Way back in 1996, an international archaeological team made a discovery that ought to have changed the history of the coffee trade in the Indian Ocean, if not worldwide. As the planet’s most valuable trading commodity after oil, you’d think that a rare historical discovery in that world would merit some attention. But, after a [...]


The oldest coffee bean in the world and Sri Lanka’s pre-colonial coffee trade


The archaeological site at Kush with the writer seen at left

Way back in 1996, an international archaeological team made a discovery that ought to have changed the history of the coffee trade in the Indian Ocean, if not worldwide. As the planet’s most valuable trading commodity after oil, you’d think that a rare historical discovery in that world would merit some attention. But, after a brief mention in a US trade journal, this one sank back into anonymous obscurity, much like the undistinguished mound concealing the ancient port of Kush, in a scruffy suburb of Ras Al Khaimah, in the United Arab Emirates whence it emerged.

What was this find? Two carbonised coffee beans, effectively totally incinerated, and devoid of perishable vegetable matter: an improbable survivor, considered a never-to-be repeated, a “miracle” find. And their significance? They were dated back to the end of the 11th century, at least 300 years before coffee conventionally makes its first appearance on the historical stage in Yemen, the home of coffee cultivation; but the beans were found not only over a thousand miles way from there, but carrying the tantalising suggestion of having been deliberately roasted, the earliest known consumption of what was to become the world’s favourite beverage. Almost certainly the beans came by sea, and were found alongside Chinese pottery, a well-attested maritime trade item in that epoch.

The hard evidence offered by this find threatened to completely overturn the fanciful tales of coffee’s origins that had greeted European traders in the 1500s who first came to trade in Yemen; tales of fabulous multi-coloured coffee birds, incurably diseased maidens and miracle-mongering shayks (Sufi saints) being foremost amongst them.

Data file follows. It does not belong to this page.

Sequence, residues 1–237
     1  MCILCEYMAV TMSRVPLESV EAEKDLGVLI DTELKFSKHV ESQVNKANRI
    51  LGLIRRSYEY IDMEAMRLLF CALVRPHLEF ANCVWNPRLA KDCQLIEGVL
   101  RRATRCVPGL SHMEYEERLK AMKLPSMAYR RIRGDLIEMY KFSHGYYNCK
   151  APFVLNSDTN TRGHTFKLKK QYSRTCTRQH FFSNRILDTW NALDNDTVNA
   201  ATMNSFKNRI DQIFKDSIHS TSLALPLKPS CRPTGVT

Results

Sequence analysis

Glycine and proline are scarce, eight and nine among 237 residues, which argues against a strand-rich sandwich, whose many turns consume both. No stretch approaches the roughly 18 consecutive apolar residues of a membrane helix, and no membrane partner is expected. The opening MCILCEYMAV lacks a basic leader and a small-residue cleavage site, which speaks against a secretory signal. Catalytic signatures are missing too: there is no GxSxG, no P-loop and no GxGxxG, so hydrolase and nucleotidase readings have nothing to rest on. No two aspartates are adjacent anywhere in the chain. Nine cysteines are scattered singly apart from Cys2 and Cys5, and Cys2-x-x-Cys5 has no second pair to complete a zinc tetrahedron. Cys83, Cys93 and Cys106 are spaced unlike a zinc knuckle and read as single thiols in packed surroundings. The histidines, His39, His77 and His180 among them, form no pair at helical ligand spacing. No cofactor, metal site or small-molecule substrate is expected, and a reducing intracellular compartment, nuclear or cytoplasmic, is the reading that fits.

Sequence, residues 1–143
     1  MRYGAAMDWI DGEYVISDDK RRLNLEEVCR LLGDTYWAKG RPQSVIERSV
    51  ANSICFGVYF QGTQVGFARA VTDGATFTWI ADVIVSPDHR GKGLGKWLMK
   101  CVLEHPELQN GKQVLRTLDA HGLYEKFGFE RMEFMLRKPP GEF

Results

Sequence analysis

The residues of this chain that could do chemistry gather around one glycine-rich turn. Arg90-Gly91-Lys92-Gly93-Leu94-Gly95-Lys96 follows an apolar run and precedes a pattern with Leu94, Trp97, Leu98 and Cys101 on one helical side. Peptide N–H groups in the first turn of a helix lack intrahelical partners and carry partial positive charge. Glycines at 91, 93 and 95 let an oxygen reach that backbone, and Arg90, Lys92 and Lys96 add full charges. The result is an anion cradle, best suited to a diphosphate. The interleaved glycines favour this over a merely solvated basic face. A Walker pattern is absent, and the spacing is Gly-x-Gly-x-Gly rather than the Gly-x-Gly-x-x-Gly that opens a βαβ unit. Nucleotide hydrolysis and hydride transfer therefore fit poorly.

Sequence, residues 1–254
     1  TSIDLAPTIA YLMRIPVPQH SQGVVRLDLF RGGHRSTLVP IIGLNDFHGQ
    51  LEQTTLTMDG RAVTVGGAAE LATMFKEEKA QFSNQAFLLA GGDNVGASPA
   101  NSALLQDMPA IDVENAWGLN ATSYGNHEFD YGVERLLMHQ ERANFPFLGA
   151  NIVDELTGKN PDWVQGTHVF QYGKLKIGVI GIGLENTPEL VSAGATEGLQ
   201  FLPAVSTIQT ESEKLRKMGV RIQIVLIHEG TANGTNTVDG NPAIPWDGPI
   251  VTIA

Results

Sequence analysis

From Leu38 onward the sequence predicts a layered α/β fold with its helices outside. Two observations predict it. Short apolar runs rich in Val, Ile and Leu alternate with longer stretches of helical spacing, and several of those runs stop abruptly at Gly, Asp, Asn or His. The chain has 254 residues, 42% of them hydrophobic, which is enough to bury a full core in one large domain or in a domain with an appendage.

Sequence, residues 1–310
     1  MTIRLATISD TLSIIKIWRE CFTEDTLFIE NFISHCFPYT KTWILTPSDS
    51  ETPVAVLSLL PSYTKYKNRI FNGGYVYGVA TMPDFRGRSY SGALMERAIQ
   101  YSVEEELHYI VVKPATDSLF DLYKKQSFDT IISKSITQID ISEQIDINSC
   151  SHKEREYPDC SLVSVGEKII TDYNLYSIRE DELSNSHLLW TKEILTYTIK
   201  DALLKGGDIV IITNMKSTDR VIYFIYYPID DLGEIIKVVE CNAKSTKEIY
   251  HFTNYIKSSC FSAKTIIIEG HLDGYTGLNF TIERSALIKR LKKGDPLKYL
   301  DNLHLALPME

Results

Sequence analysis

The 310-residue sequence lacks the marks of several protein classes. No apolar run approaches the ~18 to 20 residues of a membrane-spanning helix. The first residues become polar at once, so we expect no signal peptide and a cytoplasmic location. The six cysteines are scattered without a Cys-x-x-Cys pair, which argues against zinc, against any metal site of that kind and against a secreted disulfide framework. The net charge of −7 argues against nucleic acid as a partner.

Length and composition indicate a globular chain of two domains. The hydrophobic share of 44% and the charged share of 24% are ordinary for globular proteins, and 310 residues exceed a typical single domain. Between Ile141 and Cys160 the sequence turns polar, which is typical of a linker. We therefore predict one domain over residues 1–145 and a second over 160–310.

I found out about the remarkable find only shortly before my supposedly definitive history of coffee was published in the UK in 2003. I managed to squeeze the news into a hastily-added short chapter, writing that, when a final report was issued, the results might mean that the find could effectively turn the established history of coffee on its head. Then last year, after the book’s modest international success (published in the US and translated into seven languages), I was commissioned to write a new revised and updated edition, and naturally wondered what had happened to the momentous discovery of 20 years previously. In short, I discovered, nothing much: even after such a long time, the English archaeologist in charge of writing the final report had yet to deliver it, and carbon dating for the beans had been considered and rejected as certain to destroy the surviving evidence.